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Scope of Review in de novo Appeals from New Mexico Municipal Courts

The New Mexico Court of Appeals recently issued a ruling in Farmington v. Pinon-Garcia regarding the proper scope and standard of review for an appeal from a lower court that is not of record.

The Court held that the proper standard of review for decisions by a municipal court or any other court that is not of record is de novo, and that the scope includes a de novo review of all pretrial proceedings and preliminary matters raised by both parties.

De novo review is a standard of appellate review where the reviewing court analyses the facts of a case as if it were considering the issues for the first time, regardless of the lower court‘s findings.

The facts of Farmington v. Pinon-Garcia involved a Defendant charged with several traffic violations, including DWI. Defendant was arraigned in municipal court and the arresting officer failed to appear as the prosecution‘s witness on the day set for trial. Accordingly, since the prosecution failed to secure the presence of a witness for trial, the municipal court dismissed with prejudice. When a case is dismissed with prejudice it usually cannot be refiled.

The City of Farmington appealed the dismissal to the district court. The district court conducted a de novo trial on the merits of the case and the Defendant was convicted. On appeal, the New Mexico Court of Appeals found that the district court should have conducted a de novo hearing on whether the municipal court properly dismissed the issue before engaging in a de novo trial on the merits of the case.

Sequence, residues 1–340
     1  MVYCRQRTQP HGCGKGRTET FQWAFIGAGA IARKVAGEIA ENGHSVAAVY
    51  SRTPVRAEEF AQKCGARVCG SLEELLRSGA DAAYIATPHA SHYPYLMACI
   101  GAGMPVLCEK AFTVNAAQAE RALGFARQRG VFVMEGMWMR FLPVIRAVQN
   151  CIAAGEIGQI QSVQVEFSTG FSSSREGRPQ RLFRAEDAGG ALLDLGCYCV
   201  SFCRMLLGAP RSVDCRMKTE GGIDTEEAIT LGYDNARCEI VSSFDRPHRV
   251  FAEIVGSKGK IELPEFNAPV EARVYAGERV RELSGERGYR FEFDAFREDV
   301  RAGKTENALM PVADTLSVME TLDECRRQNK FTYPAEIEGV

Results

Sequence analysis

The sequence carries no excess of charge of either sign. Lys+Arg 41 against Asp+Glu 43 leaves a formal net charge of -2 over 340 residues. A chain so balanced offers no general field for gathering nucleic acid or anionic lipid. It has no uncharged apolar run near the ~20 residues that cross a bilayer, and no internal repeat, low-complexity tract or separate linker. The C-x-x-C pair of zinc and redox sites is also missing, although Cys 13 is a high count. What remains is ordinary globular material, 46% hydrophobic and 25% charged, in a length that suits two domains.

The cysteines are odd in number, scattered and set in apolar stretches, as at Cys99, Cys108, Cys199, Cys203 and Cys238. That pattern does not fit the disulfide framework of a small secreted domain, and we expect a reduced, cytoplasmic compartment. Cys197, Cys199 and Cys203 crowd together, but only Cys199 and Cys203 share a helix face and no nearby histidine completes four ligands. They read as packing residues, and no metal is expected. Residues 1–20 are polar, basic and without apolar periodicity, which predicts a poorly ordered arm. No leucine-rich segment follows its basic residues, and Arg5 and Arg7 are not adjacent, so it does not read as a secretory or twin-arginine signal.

The Court went on to explain the proper standard of review for rulings from a magistrate court, including whether it was proper to dismiss without prejudice, was de novo because the magistrate court was not a court of record. A court not of record is an inferior court where proceedings are not memorialized in the same way as those in courts of record. Since the district court was reviewing matters that are not part of a record, the proper standard of review is de novo.

According to the Court, the district court erred because it should have conducted a de novo review of all pretrial proceedings and preliminary matters, including the Defendant‘s motion to dismiss and whether he was being put in double jeopardy, before going on to hold a new trial.

In this case, the district court did not address whether the municipal court properly dismissed the charges against the defendant, did not take any additional evidence, or hold a hearing on the matter, but instead issued a ruling denying the Defendant‘s motion to dismiss. In doing so, the district court did not question whether dismissal by the municipal court was appropriate, whether a new trial on the merits was appropriate, or whether it put the Defendant in double jeopardy.

For these reasons, the case was reversed and remanded to the district court to perform a de novo review on whether the municipal court‘s dismissal for the prosecution‘s failure to secure the presence of a witness was appropriate. The Court also stated that the district court must specifically address double jeopardy issues in its review as well.

Issues of double jeopardy and standards of review can be very complicated. If you are faced with a situation like this, an experienced criminal attorney can explain your rights and options.

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